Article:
H/T Rose and Harley. BBC:
Australian experts are split over whether smoking bans are a crucial advance in prison health or “a bridge too far” that can only spark unrest.
On Tuesday, hundreds of prisoners lit fires, broke walls and smashed windows in a 15-hour riot at a Melbourne prison in what authorities believe may have been a reaction to a smoking ban at the remand facility.
It was one of the worst prison riots in recent memory and authorities and commentators moved quickly to either condemn or support the state-wide prison smoking ban.
Western Australian Corrective Services Minister Joe Francis says his state won’t be following the Victorian model yet.
He says the riot affirmed his decision to reject calls from prison officers for a full ban on smoking in his state’s prisons, where inmates are still permitted to smoke in designated outdoor areas.
“As a former smoker, I can tell you it’s a bloody difficult habit to kick,” he told a Perth radio station.
He says many prisoners are already going “cold turkey” on drug or alcohol addictions, are separated from their family and often suffering mental health issues.
His prison officers are “bitterly divided” on the issue and have warned him a ban could lead to prisoner riots.
“My gut instinct is that banning smoking in prisons is a bridge too far for many people,” he says.
“Prisoners are sent to prison as punishment not for punishment.”
Smoking bans are punishment for smokers, and extra punishment for prisoners. At a second prison:
Tensions are still running high in Victoria’s prison system over the new smoking bans.
Convicted mass murderer Julian Knight has told a Melbourne court that Port Phillip prison is on the verge of a riot similar to the rampage by inmates in the Metropolitan Remand Centre in Ravenhall late on Tuesday.
“I’m currently sitting in a 1,200-bed prison which is in lockdown and on the verge of kicking off here as it did with the MRC,” he told supreme court justice Rita Zammit on Friday.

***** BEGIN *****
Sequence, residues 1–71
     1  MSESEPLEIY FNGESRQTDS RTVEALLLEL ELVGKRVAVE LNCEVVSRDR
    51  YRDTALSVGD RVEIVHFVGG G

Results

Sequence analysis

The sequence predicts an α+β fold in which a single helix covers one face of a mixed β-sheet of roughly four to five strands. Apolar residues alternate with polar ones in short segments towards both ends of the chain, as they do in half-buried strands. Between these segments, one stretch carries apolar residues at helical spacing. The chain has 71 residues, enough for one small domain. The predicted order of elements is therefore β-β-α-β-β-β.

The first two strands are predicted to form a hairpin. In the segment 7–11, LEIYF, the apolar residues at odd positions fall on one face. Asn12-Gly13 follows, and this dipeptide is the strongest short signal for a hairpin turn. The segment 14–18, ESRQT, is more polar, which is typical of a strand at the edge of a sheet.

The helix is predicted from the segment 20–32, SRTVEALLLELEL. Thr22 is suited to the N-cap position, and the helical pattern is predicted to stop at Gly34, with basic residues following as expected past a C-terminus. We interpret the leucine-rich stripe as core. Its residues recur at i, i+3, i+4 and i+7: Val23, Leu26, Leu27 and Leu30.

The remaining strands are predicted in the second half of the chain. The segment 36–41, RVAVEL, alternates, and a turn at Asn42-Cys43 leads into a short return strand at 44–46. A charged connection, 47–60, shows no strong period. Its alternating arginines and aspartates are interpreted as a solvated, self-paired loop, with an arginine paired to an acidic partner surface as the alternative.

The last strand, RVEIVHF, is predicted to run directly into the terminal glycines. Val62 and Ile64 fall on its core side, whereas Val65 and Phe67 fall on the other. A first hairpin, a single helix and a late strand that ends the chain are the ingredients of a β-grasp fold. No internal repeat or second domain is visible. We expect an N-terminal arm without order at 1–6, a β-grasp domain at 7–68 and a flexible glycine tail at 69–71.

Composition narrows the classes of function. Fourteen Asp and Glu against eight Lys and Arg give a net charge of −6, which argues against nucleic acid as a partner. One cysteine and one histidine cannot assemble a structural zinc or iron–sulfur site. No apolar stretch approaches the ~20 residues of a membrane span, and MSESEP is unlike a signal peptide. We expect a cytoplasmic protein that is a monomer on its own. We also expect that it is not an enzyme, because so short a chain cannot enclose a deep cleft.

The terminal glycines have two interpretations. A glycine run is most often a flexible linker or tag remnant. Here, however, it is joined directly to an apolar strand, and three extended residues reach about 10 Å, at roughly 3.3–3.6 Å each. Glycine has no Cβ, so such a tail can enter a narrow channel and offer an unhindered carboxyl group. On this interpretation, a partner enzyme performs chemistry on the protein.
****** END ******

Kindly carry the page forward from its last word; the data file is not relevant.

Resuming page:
Knight was in court for a judgment in a case against Port Phillip prison manager Ian Thomas.
He said nicotine patches had not been provided to inmates even though that had been planned as part of Corrections Victoria’s phasing in of a complete smoking ban in all Victorian prisons from 1 July.
Knight said he had been telling the courts for years what would happen if a smoking ban was introduced but had been ignored.
“I think Ravenhall says it all,” he said.
Victorian prisons have been in lockdown since Tuesday’s riots, the worst in Victoria’s history, where inmates smashed doors, windows and fences, started fires and damaged staff areas over the ban.
It’s a lesson in economics 101. In prisons where cigarettes are banned, they sell for up to $20 each, and whole packs of cigarettes can sell for up to $200. This creates a major profit opportunity for gangs, who already have networks for smuggling other things, but cigarettes take it to another level in terms of the profit potential.
And this is also a source of corruption amongst prison employees. If you think from the perspective of a prison guard, they may never be willing to smuggle heroin or cocaine, because of the moral opprobrium associated with those. But when it comes to smuggling cigarettes, you’re violating the same laws of contraband, yet you can see how a lot of guards could say, “Well, what’s so terrible about selling a cigarette? I know I’m breaking the rules, but here I can make a little money. I smoke, he smokes, what’s the big deal?”
…There’s a real paucity of any serious research examining these prohibitions. Does it increase corruption and black markets? Do tobacco bans enrich prison gangs? Are there growing levels of violence associated with this? We don’t have solid answers on any of this stuff, and I think it’s a tragedy that there isn’t any good information.